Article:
We recommend the $250 Ring Video Doorbell Pro, which offers the best video quality of any video doorbell we've tested. This Ring model requires a hardwired connection via doorbell wiring and works with most existing mechanical and digital chimes. If your home doesn’t have doorbell wiring, you can go with a battery-powered model such as the $100 Ring Video Doorbell. Most models are relatively easy to install and come with step-by-step instructions.

4. Secure the Entrance With a Smart Lock

A smart lock on a door
Photo: August

CR's pick: August Smart Lock Pro + Connect
Cost: $280
Another way to add security to your home’s front door (and value to your home) is to install a smart lock. To save on installation time, we recommend installing the August Smart Lock Pro, which replaces only the interior part of your existing deadbolt (the thumb turn).

We tested the previous generation August Smart Lock and found that it offers a wealth of smart features that potential homeowners will appreciate, including an auto-lock and unlock function when you leave and return home, as well as the ability to create electronic keys for guests and handymen.

The $280 August Smart Lock Pro + Connect bundle also includes the August Connect adapter, which allows you and future owners to remotely control the lock and take advantage of voice control via Amazon Alexa, Apple Siri, and Google Assistant.

5. Brighten Up With Smart Lightbulbs

Smart lightbulbs
Photo: Sengled

Cost: $50 to $100
Per the Coldwell Banker survey, 63 percent of potential homebuyers would like smart lighting products already installed in their future home. An easy and affordable way to offer smart lighting is through smart LEDs. Try a starter kit, which offers multiple bulbs, so you can add smarts to a few lamps and fixtures.

A few options include the $80 Ikea Trådfri Gateway Kit and the $50 Sengled Element Classic A19 Kit (both have two bulbs), or the  $100 Philips Hue White starter kit (four bulbs). Installing any of these kits involves simply swapping out your old lightbulbs with the smart LEDs and setting up the corresponding hub, which connects the bulbs to the internet. Additional bulbs can be purchased for $12 to $15. Color-changing bulbs are also available but they're more expensive.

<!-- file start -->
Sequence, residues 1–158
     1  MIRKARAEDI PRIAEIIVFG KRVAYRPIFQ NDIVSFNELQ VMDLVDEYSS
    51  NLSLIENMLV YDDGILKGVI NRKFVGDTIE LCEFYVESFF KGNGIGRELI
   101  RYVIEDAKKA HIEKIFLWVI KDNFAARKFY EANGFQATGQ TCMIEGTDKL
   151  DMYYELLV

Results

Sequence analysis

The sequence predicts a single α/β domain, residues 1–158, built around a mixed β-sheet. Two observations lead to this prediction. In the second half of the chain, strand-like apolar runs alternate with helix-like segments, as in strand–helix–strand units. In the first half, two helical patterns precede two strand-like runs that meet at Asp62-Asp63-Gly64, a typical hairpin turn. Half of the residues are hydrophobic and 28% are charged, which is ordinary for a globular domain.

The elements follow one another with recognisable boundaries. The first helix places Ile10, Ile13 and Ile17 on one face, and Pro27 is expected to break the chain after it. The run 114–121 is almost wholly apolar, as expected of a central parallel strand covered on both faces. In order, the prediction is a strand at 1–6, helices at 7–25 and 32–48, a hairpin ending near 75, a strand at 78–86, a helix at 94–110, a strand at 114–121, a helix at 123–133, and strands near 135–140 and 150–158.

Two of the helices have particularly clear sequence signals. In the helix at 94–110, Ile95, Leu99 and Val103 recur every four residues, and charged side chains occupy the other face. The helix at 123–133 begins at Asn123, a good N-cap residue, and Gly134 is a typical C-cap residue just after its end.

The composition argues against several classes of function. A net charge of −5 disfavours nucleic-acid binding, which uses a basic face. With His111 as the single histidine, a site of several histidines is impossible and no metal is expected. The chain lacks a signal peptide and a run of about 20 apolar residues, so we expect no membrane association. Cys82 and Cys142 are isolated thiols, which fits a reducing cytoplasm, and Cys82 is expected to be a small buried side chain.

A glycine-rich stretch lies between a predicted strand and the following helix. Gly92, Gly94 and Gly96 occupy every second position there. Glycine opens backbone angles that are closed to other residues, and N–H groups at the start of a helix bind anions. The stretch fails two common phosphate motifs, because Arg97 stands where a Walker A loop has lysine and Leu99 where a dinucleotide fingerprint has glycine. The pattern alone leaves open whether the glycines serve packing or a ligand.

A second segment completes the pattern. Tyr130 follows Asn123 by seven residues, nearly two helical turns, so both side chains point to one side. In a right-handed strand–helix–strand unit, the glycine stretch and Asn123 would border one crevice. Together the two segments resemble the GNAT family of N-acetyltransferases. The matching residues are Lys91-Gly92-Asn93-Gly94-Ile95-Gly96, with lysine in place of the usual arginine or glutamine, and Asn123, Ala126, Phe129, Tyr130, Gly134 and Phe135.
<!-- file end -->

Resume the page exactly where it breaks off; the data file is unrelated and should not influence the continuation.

6. Tie It All Together With a Smart Speaker

A smart speaker in a bedroom
Photo: Amazon

CR's pick: Amazon Echo Show
Cost: $230
After all that effort, you can go one step further and connect all of the above devices (with one exception, the Nest Protect) to a smart speaker. We recommend the Amazon Echo Show, a CR Best Buy pick. It's on the pricey side, but it adds an extra wow factor by allowing you to display a live video feed of the front door via the video doorbell just by asking Alexa. You can also ask her to adjust the thermostat, lock the front door, and dim the lights, or do all three at once via a Goodnight routine that you can program.

To connect all these devices, you’ll have to find and set up their corresponding Alexa Skills in the Skills Store of the Amazon Alexa app. Installing each skill involves signing in to the corresponding device’s account and having Alexa discover the device. The process can be a bit tedious, but in the end it’s worth it. Voice control is growing in popularity and could certainly impress potential buyers.

Going All In

Total Cost: $1,040 to $1,090
If you go all in, you will have spent a little over $1,000 on all this tech. Considering that the average U.S. home is currently valued at $216,000 according to Zillow, that means your investment comes to well under 1 percent of the value of your home. That makes it a shrewd move if it boosts your home's appeal. 

Make sure your agent knows how to demonstrate the tech to prospective buyers. And don’t forget to do a factory reset on all the devices before you hand over the keys.